I will start by stating that all 4 oxygen sensors were replaced on my car ~ 1 year ago.
A few months back I started getting a CEL on my 986 Boxster. The code reported was P2096 (P2096 Signal Delay Time for Oxygen Sensor Ageing - Above Limit)
I cleared this error and after ~150 miles the CEL reappeared once again with the same code. I cleared it but it reappeared once again after ~100 miles. Unfortunately, this did not point me towards which of the 4 oxygen sensors was reporting the problem.
The fault reoccured 2 weeks ago (P2096). This time I decided to swap the 2 post cat oxygen sensors to see if that resulted in a different error code. IT DID! After 50-100 miles the CEL reappeared. This time the OBD II code was P2098.
P2098 Signal Delay Time for Oxygen Sensor Ageing, Bank 2 – Above Limit
My next step would be to replace the post cat oxygen sensor on Bank 2. Does anyone have a similar experience or any further suggestions on diagnosing the fault. Could the oxygen sensor fault codes be a red herring for some other problem with the exhaust system?
Generally if the converters are under performing there are specific error codes for that condition and while my info on those error codes is sparse I do not necessarily get the feeling the converters are at fault.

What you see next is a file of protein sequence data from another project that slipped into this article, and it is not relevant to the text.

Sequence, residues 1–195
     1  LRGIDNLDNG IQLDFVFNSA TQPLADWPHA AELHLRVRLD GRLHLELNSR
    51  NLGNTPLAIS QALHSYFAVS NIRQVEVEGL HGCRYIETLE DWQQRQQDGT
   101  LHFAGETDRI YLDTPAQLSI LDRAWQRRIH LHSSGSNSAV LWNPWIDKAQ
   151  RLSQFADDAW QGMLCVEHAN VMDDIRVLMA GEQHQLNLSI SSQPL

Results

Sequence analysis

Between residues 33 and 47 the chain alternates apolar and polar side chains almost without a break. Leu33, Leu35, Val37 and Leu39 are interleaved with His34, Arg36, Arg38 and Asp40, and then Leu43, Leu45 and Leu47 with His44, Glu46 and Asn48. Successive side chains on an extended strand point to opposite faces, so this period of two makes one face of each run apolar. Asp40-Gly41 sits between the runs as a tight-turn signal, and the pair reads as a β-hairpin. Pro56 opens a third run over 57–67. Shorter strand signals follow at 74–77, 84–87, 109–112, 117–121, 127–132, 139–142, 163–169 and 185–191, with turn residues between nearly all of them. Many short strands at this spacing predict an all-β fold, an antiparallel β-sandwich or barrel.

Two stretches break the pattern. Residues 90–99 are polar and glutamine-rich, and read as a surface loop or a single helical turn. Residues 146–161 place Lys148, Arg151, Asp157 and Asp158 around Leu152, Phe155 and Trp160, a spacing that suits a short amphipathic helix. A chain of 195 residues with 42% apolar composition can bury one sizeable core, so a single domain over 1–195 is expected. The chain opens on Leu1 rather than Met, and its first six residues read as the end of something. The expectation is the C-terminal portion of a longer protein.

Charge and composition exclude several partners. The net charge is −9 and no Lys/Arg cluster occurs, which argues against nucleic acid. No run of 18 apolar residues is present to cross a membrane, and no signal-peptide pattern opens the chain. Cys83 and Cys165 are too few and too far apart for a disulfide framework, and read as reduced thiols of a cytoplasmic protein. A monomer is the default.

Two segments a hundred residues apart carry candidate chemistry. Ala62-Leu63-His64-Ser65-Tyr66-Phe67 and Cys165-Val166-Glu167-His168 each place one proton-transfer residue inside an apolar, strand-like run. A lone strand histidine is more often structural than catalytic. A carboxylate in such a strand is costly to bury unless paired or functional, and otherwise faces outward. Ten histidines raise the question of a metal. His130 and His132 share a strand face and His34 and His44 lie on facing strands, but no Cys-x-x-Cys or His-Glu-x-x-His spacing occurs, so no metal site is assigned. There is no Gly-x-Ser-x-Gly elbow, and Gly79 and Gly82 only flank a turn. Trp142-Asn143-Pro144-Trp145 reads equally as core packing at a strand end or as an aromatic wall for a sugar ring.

Also, there are error codes related to aging O2 sensors: slow response, weak response.
BTW, not sure where you are getting the descriptive test for those DTCs.
My references show:
P2096: Post catalyst fuel trim system too lean, bank 1.
P2098: Post catalyst fuel trim system too lean, bank 2.
Did you obtain any freeze frame data with one or both of the above error codes?
Did you get any other error codes like misfires?
Groping in the dark the errors can arise from an exhaust gas leak, #2 O2 sensor problem, and about a zillion other failures.
Since you replaced all 4 sensors a year ago I would have to wonder if the sensors you chose are sub-par or if perhaps if thread lube was used upon the sensor threads that the wrong type of thread lube was used.
But eliminate an exhaust system leak before you throw money at new sensors.
In fact, before you throw money at anything other than crawling under the car and checking for an exhaust system leak, throw money at an OPC.
You're probably money ahead by having a OPC diagnose this for you. There are probably 20+ test steps that eliminate IAT sensor, ECT, intake air leak, MAF, fuel pressure, and so on.